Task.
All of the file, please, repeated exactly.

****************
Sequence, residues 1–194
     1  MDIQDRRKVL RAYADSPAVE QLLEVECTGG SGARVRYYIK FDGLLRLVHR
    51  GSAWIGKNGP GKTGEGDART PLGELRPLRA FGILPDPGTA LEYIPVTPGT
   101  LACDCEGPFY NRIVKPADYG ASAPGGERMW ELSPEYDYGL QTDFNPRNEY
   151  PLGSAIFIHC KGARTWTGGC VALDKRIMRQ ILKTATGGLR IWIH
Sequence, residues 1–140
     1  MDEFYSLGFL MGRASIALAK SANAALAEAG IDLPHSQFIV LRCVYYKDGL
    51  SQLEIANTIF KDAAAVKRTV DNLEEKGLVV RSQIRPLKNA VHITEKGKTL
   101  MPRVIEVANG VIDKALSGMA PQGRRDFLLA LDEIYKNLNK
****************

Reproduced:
Sequence, residues 1–194
     1  MDIQDRRKVL RAYADSPAVE QLLEVECTGG SGARVRYYIK FDGLLRLVHR
    51  GSAWIGKNGP GKTGEGDART PLGELRPLRA FGILPDPGTA LEYIPVTPGT
   101  LACDCEGPFY NRIVKPADYG ASAPGGERMW ELSPEYDYGL QTDFNPRNEY
   151  PLGSAIFIHC KGARTWTGGC VALDKRIMRQ ILKTATGGLR IWIH
Sequence, residues 1–140
     1  MDEFYSLGFL MGRASIALAK SANAALAEAG IDLPHSQFIV LRCVYYKDGL
    51  SQLEIANTIF KDAAAVKRTV DNLEEKGLVV RSQIRPLKNA VHITEKGKTL
   101  MPRVIEVANG VIDKALSGMA PQGRRDFLLA LDEIYKNLNK